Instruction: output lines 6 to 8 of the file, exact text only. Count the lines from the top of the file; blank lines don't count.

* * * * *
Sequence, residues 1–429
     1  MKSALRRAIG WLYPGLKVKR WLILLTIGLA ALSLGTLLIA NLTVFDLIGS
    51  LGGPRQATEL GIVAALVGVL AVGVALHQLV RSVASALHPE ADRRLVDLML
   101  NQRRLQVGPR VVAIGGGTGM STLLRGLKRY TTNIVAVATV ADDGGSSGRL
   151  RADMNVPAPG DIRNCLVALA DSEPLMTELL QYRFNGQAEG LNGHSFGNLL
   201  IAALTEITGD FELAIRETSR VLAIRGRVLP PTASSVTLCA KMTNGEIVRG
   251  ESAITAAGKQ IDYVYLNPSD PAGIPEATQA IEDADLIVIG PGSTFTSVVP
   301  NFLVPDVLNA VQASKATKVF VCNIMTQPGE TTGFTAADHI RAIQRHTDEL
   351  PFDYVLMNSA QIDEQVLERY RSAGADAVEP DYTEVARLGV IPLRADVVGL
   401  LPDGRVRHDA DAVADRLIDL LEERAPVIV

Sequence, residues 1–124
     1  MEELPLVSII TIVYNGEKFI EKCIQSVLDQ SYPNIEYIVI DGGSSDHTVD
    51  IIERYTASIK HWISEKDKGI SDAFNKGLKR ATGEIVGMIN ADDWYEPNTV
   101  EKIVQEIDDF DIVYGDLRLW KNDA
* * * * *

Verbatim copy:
   201  IAALTEITGD FELAIRETSR VLAIRGRVLP PTASSVTLCA KMTNGEIVRG
   251  ESAITAAGKQ IDYVYLNPSD PAGIPEATQA IEDADLIVIG PGSTFTSVVP
   301  NFLVPDVLNA VQASKATKVF VCNIMTQPGE TTGFTAADHI RAIQRHTDEL